Franklin Graham's 'Facing Darkness' Hits DVD: How God Turned a Deadly Mission into Triumph
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A gripping new documentary film called Facing Darkness has just come out on DVD, telling the miraculous story of the American missionaries who fought the Ebola outbreak in Liberia, caught the disease, and survived. It's a disease that took the lives of close to 30,000 people over the course of two years.
"I remember just getting on the floor and just saying, 'God it's not too much for you to save his life, will you just save it?'" Franklin Graham said about Dr. Kent Brantly, who contracted Ebola at the height of the epidemic during the summer of 2014.
It was a difficult time for Samaritan's Purse, Franklin Graham's ministry, but he felt the need to share the story of what God did and how he used people.
"So many people that were involved in fighting Ebola there in Liberia, Guinea and Sierra Leone, were young people. I want the world to see what God did and how he used the lives of young people to fight the world's most deadly virus," he said.
The Day a Samaritan's Purse Doctor Was Diagnosed with Ebola
He also told the story of the day he got the news of Dr. Brantly's diagnosis of Ebola.
"My phone rang and Kent Issacs said one of our doctors, Kent Brantly has Ebola," Graham recalled.
Through interviews with the team on the ground, Facing Darkness shows the raw, emotional journey of American medical workers fighting a deadly epidemic and the miracle it took to save their lives.
"This is the story of how God saved Dr. Brantly," Graham said. "I want another generation to see it, and I want young people to see it. because God can use their lives... and I want them to know God can use them and will use them if they're willing to trust Him."
"To be honest, not a day goes by that we don't think about Liberia and our experience," Dr. Brantly said.
"Remember What God Has Done"
Brantly said that while it's a bit uncomfortable seeing himself on the big screen, it allows him to remember God's faithfulness.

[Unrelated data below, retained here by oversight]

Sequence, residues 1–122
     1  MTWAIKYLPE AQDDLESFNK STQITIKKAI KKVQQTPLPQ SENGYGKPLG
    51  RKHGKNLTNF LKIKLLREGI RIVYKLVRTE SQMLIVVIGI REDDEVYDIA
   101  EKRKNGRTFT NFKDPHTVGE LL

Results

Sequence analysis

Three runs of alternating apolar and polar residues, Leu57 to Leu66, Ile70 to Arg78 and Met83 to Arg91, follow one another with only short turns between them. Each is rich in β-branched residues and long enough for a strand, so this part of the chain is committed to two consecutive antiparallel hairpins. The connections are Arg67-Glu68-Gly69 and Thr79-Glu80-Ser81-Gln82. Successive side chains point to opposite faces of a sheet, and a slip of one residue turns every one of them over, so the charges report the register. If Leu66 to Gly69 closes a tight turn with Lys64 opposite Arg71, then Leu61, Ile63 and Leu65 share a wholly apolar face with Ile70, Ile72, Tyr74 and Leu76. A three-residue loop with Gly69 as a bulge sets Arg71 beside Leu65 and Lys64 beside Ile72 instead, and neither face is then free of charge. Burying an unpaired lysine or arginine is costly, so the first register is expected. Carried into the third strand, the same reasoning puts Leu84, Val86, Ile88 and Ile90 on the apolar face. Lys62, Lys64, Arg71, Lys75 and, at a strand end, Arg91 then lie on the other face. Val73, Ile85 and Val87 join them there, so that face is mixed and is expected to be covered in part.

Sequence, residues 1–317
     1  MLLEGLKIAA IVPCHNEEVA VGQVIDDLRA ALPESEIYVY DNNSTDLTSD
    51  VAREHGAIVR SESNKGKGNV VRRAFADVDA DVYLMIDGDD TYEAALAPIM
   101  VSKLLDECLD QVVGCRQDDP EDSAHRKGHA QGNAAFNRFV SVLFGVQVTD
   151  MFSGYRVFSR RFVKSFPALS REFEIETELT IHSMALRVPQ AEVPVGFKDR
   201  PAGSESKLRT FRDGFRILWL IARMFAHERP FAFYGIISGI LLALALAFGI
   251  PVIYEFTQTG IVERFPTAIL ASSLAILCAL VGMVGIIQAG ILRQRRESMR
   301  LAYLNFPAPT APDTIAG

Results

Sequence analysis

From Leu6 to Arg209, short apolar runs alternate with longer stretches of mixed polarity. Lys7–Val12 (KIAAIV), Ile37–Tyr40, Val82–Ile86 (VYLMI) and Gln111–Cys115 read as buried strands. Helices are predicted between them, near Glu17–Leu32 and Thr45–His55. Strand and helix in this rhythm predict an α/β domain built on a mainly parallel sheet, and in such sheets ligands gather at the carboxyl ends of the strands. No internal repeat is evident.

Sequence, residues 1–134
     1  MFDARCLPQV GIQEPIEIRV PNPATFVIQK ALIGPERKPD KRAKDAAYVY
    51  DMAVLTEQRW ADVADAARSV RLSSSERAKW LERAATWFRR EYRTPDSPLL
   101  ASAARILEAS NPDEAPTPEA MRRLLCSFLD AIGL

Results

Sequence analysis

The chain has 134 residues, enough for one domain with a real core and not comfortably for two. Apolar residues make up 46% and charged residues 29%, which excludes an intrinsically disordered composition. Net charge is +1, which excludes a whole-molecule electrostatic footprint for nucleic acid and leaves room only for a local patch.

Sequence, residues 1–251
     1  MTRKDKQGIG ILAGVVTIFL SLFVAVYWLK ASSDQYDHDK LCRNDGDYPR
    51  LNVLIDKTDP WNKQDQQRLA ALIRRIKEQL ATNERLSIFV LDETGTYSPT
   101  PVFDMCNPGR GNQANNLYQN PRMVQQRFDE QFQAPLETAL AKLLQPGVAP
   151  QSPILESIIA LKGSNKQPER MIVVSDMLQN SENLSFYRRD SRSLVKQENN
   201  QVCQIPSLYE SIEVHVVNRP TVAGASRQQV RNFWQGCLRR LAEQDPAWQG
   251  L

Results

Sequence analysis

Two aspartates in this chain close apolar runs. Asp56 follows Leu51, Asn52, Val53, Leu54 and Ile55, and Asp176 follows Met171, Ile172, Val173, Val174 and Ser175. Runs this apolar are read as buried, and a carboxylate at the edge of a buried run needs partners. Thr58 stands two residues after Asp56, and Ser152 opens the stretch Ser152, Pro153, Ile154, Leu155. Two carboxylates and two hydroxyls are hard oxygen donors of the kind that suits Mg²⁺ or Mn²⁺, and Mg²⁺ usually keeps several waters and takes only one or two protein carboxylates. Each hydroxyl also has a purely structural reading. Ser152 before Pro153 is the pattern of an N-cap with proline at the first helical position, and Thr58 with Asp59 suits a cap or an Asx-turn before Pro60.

"I think there's a reason God told the people of Israel, 'tell your people we were slaves in Egypt.' I think there is something really important about remembering the hard times we've been through - and remembering what God has done in our lives to help inform the way we move forward," he said.
Another fear for Brantly was leaving his two children and wife behind.
"My greatest fear is that I would have to raise my children alone," Brantly's wife, Amber, said.
The Brantlys had already been serving in Liberia for a year when the Ebola epidemic hit. Brantly's diagnosis came just days after Amber left on a short trip with their children to the United States.
A Simple Prayer: "God, Help Me to be Faithful"
"My prayers in those days were really simple. My prayers were, 'God, help...God, help me to be faithful.' I really think that my prayer for my children in that moment, when I didn't think I was going to live, my prayer was that I would be faithful. That they would have a legacy of a father who was faithful even in his death," he said.
Filmmakers say the process of weaving all of the stories together proved challenging.
"The story of Facing Darkness is definitely an epic one. There are so many stories and so many threads, and it was really hard to figure out how to whittle it down," said Arthur Rasco, the film's director.
"Our editor was able to find some of the most powerful sound bites and the most powerful portions of people's stories and put them together," Rasco said.
Second Samaritan's Purse Worker Contracts Ebola
Nurse Nancy Writebol served alongside Dr. Brantly in Liberia, and also contracted Ebola.
"David looked at me and he said you two have Ebola."
She hopes the film will convey a message on the importance of unity to audiences.
"It's not about two or three or however many expats are in the movie - it's not about us. It's about a partnership and working together with the people you live with. It's living within community," said Writebol.
"People shared a lot of candid things when we interviewed them and had them share for 'Facing Darkness,' but yet those are things that...sometimes people say oh, 'I shouldn't have said that,' but yet that's what makes us human. and we can all relate to that. And we can all learn from that," Rasco said.
"Would I Be that Brave?"
The production team hopes the film will challenge audiences.
"I hope people will leave the theater asking themselves, 'Would I be that brave? What would I do?'" Rasco said.
Dr. Brantly believes the film will help many people who are facing fear over what's happening in the world.
"You don't have to look far in the news today to find places where we are faced with fear, and I think something that this film can help us do is to look at those circumstances in our lives in the world today and say, what does it look like to choose not to respond out of the fear we feel but instead to we have the courage to move forward in compassion?" said Brantly.
Franklin Graham added that he hopes God will bring up an army of young people.
"If we put our faith and trust in God's son Jesus Christ, if He is in our boat we don't have to worry about that boat sinking. And He did with Dr. Brantly and I want the world to see what God did. I am hoping God will use this to bring up an army of young people who will say, 'Here I am, send me," he said.
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